Abraham Lincoln once said, “As I would not be a slave, so I would not be a master. This expresses my idea of democracy. Whatever differs from this to the extent of the difference, is no democracy.” On 1 January 1863, he issued a presidential proclamation and executive order known as the Emancipation Proclamation.
Emancipation freed approximately 4 million slaves. In turn, the Freedmen’s Bureau was established to help those once held in the bonds and tyranny of slavery to transition to living life as a free people and as citizens by providing food, housing, education, and medical care. As citizens, for the first time in U.S. history, their names were recorded and preserved so that future generations would know and never forget those who blazed the trails of freedom before them.
To help make those records accessible to those tracing their family history and wishing to learn about their slave ancestry, the Freedmen’s Bureau Project was created. The project is a collaborative partnership between FamilySearch International and the National Archives and Records Administration (NARA), the Smithsonian National Museum of African American History and Culture, the Afro-American Historical and Genealogical Society (AAHGS), and the California African American Museum. The objective of the project is to help both Black Canadians and Black Americans reconnect with their Civil War-era ancestors by focusing on records of former U.S. slaves who became citizens. Thousands of volunteers are helping to type, and index information from the Freedmen’s Bureau records so that they are searchable in an online database. As of early May 2016, the project is 78 percent complete.
Marcus Mosiah Garvey, Jr., a Jamaican political leader, publisher, journalist, entrepreneur, orator, and founder of the Universal Negro Improvement Association and African Communities League once said, “A people without knowledge of their past history is like a tree without roots.” On 16 April 2016, approximately 500 people gathered at the Etobicoke Ontario building of The Church of Jesus Christ of Latter-day Saints in Toronto, Ontario, Canada, for the inaugural Canadian Black History Summit. FamilySearch International (the genealogical arm of the Church) and the Ontario Black History Society co-hosted the free conference. Those participating in the conference had the opportunity to connect with Black genealogy experts and Black history, and to learn more about the Freedmen’s Bureau Project.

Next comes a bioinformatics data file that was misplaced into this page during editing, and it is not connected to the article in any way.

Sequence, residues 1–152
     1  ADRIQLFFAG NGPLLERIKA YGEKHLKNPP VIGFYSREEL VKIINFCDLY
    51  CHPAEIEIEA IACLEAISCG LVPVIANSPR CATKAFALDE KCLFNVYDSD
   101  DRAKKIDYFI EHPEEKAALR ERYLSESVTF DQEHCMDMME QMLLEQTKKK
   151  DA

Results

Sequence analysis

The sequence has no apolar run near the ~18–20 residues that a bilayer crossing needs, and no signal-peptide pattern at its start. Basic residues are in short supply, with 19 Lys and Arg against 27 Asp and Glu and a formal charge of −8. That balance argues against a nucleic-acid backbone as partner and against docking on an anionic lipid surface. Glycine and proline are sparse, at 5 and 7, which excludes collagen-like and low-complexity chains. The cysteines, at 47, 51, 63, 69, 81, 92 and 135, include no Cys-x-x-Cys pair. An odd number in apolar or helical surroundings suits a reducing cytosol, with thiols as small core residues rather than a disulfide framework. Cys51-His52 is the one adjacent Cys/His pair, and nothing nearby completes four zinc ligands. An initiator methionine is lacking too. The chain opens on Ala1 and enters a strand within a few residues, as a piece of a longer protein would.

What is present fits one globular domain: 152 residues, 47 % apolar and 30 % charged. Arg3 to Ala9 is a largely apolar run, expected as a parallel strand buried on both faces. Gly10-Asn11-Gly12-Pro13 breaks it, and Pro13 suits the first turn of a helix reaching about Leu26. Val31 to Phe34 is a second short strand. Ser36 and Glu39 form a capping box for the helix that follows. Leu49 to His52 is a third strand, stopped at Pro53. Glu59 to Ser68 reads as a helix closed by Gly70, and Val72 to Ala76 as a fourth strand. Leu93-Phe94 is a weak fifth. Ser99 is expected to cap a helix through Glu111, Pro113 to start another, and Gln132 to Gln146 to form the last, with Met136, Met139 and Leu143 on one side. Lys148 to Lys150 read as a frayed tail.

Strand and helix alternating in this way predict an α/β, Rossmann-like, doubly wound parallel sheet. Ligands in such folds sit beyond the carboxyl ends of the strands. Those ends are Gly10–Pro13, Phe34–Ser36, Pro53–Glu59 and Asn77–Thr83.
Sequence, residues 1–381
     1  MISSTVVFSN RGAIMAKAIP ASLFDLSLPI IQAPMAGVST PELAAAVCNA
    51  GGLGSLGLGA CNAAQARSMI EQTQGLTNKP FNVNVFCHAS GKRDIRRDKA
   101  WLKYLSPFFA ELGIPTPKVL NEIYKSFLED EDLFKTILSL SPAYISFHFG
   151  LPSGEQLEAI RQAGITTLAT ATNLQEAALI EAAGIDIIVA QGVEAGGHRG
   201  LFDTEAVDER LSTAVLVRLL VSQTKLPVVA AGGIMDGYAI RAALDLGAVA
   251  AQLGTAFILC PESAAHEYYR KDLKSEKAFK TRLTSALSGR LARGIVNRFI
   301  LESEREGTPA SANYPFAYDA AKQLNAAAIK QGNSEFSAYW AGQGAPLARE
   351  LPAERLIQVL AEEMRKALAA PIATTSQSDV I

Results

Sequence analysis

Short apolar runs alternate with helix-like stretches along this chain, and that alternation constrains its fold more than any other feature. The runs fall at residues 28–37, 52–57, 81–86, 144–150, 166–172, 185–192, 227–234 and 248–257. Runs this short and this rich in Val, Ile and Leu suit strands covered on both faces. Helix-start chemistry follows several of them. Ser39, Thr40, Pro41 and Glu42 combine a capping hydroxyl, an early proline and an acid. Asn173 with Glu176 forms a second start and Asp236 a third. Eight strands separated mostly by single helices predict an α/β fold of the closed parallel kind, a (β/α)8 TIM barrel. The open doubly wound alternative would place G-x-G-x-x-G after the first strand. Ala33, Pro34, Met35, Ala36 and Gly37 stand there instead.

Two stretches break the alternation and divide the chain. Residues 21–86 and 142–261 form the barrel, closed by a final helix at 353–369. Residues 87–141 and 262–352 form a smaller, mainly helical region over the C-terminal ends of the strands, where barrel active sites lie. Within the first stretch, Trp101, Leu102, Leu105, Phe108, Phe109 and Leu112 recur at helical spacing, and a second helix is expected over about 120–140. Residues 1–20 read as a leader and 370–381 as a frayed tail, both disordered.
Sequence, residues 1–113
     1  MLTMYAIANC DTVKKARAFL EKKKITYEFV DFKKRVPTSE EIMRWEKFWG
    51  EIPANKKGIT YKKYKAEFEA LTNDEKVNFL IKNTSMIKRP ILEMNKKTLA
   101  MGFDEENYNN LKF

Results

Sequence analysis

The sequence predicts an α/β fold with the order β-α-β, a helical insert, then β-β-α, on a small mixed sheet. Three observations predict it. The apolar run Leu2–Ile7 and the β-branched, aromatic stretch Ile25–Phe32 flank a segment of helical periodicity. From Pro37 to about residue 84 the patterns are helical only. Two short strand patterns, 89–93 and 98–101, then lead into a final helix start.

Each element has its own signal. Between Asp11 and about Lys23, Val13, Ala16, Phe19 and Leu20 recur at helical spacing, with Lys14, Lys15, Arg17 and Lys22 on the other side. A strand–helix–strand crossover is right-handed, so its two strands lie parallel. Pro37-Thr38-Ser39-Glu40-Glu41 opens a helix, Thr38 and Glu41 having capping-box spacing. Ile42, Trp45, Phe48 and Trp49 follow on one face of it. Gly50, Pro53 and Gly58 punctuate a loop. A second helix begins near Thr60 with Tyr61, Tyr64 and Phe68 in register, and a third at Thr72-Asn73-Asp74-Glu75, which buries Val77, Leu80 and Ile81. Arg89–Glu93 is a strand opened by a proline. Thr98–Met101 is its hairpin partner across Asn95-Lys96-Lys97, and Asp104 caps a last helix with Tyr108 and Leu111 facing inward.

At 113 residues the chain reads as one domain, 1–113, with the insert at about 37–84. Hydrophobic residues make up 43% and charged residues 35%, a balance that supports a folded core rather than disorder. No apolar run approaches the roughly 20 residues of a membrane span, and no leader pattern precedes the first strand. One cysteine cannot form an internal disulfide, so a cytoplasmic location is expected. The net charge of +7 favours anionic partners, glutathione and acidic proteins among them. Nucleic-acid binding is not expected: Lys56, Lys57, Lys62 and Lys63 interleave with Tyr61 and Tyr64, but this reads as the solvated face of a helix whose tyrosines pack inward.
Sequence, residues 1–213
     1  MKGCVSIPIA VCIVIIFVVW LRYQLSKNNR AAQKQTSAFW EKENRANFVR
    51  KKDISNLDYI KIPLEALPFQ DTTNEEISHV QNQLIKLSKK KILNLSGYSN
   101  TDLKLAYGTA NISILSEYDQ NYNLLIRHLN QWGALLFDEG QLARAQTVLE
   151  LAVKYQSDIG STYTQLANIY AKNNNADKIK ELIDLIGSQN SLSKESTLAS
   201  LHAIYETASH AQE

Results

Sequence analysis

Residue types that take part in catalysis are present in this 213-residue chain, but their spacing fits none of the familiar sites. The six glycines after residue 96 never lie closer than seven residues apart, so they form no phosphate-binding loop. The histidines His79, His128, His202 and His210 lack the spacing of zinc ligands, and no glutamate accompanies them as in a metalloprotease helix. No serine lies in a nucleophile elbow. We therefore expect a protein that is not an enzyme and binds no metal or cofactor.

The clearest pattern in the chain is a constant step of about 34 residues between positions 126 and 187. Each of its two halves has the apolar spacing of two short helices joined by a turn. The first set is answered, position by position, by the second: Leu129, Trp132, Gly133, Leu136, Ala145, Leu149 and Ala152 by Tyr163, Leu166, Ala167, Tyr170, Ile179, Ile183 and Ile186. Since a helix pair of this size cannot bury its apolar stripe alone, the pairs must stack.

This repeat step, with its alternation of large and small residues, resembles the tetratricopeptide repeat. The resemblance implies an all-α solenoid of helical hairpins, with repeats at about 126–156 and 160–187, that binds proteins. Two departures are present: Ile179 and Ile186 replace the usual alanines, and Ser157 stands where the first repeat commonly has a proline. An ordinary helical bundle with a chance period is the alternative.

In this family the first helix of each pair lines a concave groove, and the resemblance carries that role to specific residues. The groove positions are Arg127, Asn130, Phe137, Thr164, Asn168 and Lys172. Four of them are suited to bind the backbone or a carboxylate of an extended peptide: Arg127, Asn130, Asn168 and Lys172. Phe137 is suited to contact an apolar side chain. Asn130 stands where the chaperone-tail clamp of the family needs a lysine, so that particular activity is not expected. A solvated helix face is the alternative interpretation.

Rosemary Sadlier, a presenter at the summit, described the proceedings using a word from the Ghanaian Twi language – “Sankofa” – which translated means “go back and get it.” She remarked that the event was an excellent opportunity for those participating “to go back and reclaim our past so we can move forward, … so we can understand why and how we came to be and who we are today.” Thom Reed, the senior marketing manager of FamilySearch and a specialist for the Freedmen’s Bureau Project, commented, “We are tearing down walls because not having an ancestry is like not existing. The records we will be releasing in the fall are making it possible for individuals to find themselves for the first time.”
Guests at the summit included members of Parliament; government officials; leaders of black history sites, black churches and black organizations from across Ontario; and Ontario Mormon leaders. Nikki Clark, president of the Ontario Black History Society, gave the opening remarks. The presenters at the summit included notable Black history experts. Among those presenting at the conference were Darius Gray (author, historian, journalist and co-director of the Freedman’s Bank Project and Bryan Prince (author, historian, and consultant). Shannon Prince (curator of the Buxton National Historic Site and Museum), Thom Reed (FamilySearch senior marketing manager), Rosemary Sadlier (author and historian) and Dr. Bryan Walls (author and founder of the John Freeman Walls Historic Site and Underground Railroad Museum) were also presenters.
The experience of the summit was both eye-opening and life-altering for many of the attendees as they learned how important it is to research their family history, and the brick walls that many descendants of former U.S. slaves have faced when searching their family history beyond 1870.
Keith L. Brown is a convert to The Church of Jesus Christ of Latter-day Saints, having been born and raised Baptist. He was studying to be a Baptist minister at the time of his conversion to the LDS faith. He was baptized on 10 March 1998 in Reykjavik, Iceland while serving on active duty in the United States Navy in Keflavik, Iceland. He currently serves as the First Assistant to the High Priest Group and Ward Missionary for the Annapolis, Maryland Ward. He also serves as a Stake Public Affairs Specialist for the Annapolis, Maryland Stake. He is a 30-year honorably retired Navy veteran.